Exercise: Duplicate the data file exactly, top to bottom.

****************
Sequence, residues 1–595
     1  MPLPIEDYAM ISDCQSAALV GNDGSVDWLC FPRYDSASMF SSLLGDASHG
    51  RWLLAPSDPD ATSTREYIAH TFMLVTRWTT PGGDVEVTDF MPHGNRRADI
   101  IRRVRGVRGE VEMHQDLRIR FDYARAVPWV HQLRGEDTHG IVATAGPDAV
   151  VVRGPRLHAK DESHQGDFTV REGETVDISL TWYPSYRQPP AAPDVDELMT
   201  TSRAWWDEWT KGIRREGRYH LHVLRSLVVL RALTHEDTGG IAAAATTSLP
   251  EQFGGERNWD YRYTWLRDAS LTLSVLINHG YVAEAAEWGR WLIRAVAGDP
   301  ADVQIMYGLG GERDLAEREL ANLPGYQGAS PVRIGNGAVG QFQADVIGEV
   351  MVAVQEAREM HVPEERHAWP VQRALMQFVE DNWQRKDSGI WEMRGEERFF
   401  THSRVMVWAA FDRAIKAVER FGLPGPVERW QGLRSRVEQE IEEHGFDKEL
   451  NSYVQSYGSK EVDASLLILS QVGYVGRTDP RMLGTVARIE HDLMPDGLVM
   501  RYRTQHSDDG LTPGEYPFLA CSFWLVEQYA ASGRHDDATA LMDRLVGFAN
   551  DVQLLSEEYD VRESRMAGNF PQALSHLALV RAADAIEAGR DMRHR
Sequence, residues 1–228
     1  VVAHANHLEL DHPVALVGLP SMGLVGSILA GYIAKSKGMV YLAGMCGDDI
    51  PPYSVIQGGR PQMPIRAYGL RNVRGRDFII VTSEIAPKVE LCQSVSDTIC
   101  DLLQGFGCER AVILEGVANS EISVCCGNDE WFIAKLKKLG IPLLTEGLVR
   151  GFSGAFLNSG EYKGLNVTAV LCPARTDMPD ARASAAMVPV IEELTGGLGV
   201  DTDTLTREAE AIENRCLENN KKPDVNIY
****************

Sequence, residues 1–595
     1  MPLPIEDYAM ISDCQSAALV GNDGSVDWLC FPRYDSASMF SSLLGDASHG
    51  RWLLAPSDPD ATSTREYIAH TFMLVTRWTT PGGDVEVTDF MPHGNRRADI
   101  IRRVRGVRGE VEMHQDLRIR FDYARAVPWV HQLRGEDTHG IVATAGPDAV
   151  VVRGPRLHAK DESHQGDFTV REGETVDISL TWYPSYRQPP AAPDVDELMT
   201  TSRAWWDEWT KGIRREGRYH LHVLRSLVVL RALTHEDTGG IAAAATTSLP
   251  EQFGGERNWD YRYTWLRDAS LTLSVLINHG YVAEAAEWGR WLIRAVAGDP
   301  ADVQIMYGLG GERDLAEREL ANLPGYQGAS PVRIGNGAVG QFQADVIGEV
   351  MVAVQEAREM HVPEERHAWP VQRALMQFVE DNWQRKDSGI WEMRGEERFF
   401  THSRVMVWAA FDRAIKAVER FGLPGPVERW QGLRSRVEQE IEEHGFDKEL
   451  NSYVQSYGSK EVDASLLILS QVGYVGRTDP RMLGTVARIE HDLMPDGLVM
   501  RYRTQHSDDG LTPGEYPFLA CSFWLVEQYA ASGRHDDATA LMDRLVGFAN
   551  DVQLLSEEYD VRESRMAGNF PQALSHLALV RAADAIEAGR DMRHR
Sequence, residues 1–228
     1  VVAHANHLEL DHPVALVGLP SMGLVGSILA GYIAKSKGMV YLAGMCGDDI
    51  PPYSVIQGGR PQMPIRAYGL RNVRGRDFII VTSEIAPKVE LCQSVSDTIC
   101  DLLQGFGCER AVILEGVANS EISVCCGNDE WFIAKLKKLG IPLLTEGLVR
   151  GFSGAFLNSG EYKGLNVTAV LCPARTDMPD ARASAAMVPV IEELTGGLGV
   201  DTDTLTREAE AIENRCLENN KKPDVNIY